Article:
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THE BURNING AIR
by Erin Kelly
Hodder & Stoughton, January 2013
388 pages
16.99 GBP
ISBN: 1444728318


Buy in the UK | Buy in Canada

The McBride family is still reeling from the death of Lydia, their benevolent matriarch who waited long enough for her eldest daughter Sophie to have her baby before quietly slipping away in hospital. Her husband, Rowan, a retired headmaster of the Cathedral School in Saxby, is distraught and when Sophie, her husband Will and their boys arrive at the family holiday home in Devon, they find him drunk and incapable, clearly not coping with the loss of his wife.

Tensions had already been running high in the family. Sophie, who suffered from severe post-natal depression after the birth of her last son, has been estranged from her husband since she received evidence of his infidelity in shape of an anonymous package of photographs showing him in a compromising position with another woman. But for the sake of her children, Sophie has kept up an outward show of togetherness with Will. Her younger sister Tara and her boyfriend Matt arrive as well, as does Felix, the youngest of the three McBride siblings. To everyone's surprise, Felix has brought a girlfriend with him, the ethereally beautiful and extremely uncommunicative Kerry, who only adds to the seething mass of tension in a family almost at breaking point.

On Bonfire night, Sophie is persuaded to allow Kerry to babysit her youngest child Edie, born on the night of her mother's death, but when Sophie returns early to the cottage after her young son Charlie is frightened by the fires, Kerry has vanished, taking the baby with her.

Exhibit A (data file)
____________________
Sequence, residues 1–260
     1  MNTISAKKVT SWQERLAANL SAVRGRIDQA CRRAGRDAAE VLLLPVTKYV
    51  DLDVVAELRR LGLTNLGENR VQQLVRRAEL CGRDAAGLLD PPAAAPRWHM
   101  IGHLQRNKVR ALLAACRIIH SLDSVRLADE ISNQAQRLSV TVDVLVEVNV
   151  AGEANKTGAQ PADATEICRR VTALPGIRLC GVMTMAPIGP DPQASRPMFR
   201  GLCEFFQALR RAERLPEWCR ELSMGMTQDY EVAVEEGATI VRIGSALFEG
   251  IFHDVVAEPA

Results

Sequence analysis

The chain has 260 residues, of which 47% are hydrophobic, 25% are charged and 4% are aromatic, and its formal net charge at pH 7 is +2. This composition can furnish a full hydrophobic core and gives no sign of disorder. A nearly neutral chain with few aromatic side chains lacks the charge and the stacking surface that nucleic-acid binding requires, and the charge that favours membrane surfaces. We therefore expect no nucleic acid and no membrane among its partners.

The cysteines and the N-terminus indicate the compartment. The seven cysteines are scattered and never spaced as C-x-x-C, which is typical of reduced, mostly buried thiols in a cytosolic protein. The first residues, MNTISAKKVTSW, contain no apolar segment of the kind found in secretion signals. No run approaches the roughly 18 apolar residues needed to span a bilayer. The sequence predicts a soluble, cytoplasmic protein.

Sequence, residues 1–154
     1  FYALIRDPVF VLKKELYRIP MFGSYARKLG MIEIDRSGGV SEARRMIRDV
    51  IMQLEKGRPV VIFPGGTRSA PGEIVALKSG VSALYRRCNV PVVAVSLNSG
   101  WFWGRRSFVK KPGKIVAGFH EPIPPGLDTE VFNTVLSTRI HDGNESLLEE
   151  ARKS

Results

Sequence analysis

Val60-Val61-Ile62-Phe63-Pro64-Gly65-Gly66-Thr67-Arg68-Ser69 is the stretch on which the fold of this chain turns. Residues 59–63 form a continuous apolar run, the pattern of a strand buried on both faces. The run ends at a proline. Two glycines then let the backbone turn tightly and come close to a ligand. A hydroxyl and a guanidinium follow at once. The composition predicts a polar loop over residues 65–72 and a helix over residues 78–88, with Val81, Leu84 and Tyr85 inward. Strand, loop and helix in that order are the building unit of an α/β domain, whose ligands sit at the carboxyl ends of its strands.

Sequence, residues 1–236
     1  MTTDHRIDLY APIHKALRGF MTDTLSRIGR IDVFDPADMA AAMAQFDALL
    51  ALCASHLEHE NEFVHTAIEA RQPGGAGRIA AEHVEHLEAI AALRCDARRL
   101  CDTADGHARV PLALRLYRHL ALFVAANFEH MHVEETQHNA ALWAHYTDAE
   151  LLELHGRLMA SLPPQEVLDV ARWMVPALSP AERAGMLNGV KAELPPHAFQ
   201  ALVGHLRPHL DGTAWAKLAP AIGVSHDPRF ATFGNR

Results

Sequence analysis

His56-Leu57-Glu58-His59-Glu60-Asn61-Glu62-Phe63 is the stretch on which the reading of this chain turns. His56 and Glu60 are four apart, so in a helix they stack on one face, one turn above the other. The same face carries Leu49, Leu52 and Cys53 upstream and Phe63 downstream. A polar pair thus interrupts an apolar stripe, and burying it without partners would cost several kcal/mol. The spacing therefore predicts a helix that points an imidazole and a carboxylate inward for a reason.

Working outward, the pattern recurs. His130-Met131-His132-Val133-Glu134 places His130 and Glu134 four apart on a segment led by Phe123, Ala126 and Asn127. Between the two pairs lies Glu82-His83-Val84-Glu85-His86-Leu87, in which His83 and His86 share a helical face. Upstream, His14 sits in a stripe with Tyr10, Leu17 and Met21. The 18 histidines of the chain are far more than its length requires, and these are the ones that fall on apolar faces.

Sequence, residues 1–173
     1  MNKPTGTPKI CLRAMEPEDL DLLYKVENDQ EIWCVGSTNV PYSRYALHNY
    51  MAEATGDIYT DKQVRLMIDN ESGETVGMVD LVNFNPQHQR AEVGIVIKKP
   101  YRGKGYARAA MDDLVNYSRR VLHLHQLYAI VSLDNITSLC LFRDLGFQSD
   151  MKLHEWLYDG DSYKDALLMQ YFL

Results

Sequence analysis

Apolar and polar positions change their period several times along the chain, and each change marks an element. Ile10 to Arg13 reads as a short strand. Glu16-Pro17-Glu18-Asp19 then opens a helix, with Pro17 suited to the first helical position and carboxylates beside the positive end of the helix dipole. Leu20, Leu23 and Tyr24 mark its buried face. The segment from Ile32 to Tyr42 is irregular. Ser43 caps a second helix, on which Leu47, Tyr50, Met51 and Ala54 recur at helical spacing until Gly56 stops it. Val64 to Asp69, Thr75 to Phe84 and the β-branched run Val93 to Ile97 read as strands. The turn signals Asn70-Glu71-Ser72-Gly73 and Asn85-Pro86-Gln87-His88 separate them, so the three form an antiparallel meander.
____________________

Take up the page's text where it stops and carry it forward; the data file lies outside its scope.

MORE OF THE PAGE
The loss of any child is always a strong hook on which to hang a book and THE BURNING AIR is no exception to this rule. It therefore comes as something of an unwelcome surprise to discover that much of the book will be given over to the lengthy back story of a character who clearly has no reason to love the clannish MacBrides and in particular Lydia, a local magistrate and woman of apparently unswerving principle, although this is in fact undermined by a prologue that makes it abundantly clear she is harboring a dark secret, the staple fare of most family-oriented psychological thrillers. This early giveaway is one of the reasons for my almost universal dislike of prologues, and this book does nothing to change that.

I was also confused, possibly intentionally by the author, during the middle section as to the sex of the narrator, and a name that could belong to either a girl of a boy did not help. Whether this was an intended red herring, or my simply misinterpreting the name is not clear, but it certainly came as a surprise when I discovered my mistake.

It took a while for the two narratives to collide at the moment of the abduction, and by then the readers are privy to the identity of the person who is out to destroy the lives of the MacBrides before they become aware of this. There are elements of the denouement that I found hard to suspend disbelief for, but that aside, Erin Kelly weaves a compulsive and readable tale of obsession bordering on madness, and it is easy to overlook any faults in the narrative and simply become wrapped up in the story of a family taken to the brink and then pushed sharply over the edge. Kelly writes with style, and the final twist was one that I certainly didn't see coming.

Linda Wilson is a writer, and retired solicitor, with an interest in archaeology and cave art, who now divides her time between England and France.

Reviewed by Linda Wilson, January 2013

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Contact: Yvonne Klein (ymk@reviewingtheevidence.com)


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